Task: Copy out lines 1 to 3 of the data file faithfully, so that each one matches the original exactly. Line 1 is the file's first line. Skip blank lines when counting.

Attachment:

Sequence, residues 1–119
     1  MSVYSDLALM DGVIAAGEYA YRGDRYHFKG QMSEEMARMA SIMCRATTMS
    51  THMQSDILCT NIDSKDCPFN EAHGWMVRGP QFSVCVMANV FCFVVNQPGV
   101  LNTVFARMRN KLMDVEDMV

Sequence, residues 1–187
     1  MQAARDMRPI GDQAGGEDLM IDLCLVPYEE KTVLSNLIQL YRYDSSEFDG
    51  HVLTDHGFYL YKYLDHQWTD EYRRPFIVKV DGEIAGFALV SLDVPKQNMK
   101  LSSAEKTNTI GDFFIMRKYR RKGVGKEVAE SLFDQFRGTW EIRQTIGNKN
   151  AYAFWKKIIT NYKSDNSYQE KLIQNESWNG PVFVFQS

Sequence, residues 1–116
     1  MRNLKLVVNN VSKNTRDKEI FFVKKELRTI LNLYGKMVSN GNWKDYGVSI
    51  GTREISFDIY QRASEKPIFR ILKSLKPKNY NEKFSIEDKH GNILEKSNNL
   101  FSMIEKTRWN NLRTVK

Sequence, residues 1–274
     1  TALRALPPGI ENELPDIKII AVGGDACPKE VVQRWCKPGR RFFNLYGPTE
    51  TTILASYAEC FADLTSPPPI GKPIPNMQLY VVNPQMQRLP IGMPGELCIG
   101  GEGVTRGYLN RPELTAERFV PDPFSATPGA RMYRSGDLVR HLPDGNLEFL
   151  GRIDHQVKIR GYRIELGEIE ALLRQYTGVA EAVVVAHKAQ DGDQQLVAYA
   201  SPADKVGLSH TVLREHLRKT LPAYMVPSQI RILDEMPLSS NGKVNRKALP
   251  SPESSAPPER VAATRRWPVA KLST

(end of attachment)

Sequence, residues 1–119
     1  MSVYSDLALM DGVIAAGEYA YRGDRYHFKG QMSEEMARMA SIMCRATTMS
    51  THMQSDILCT NIDSKDCPFN EAHGWMVRGP QFSVCVMANV FCFVVNQPGV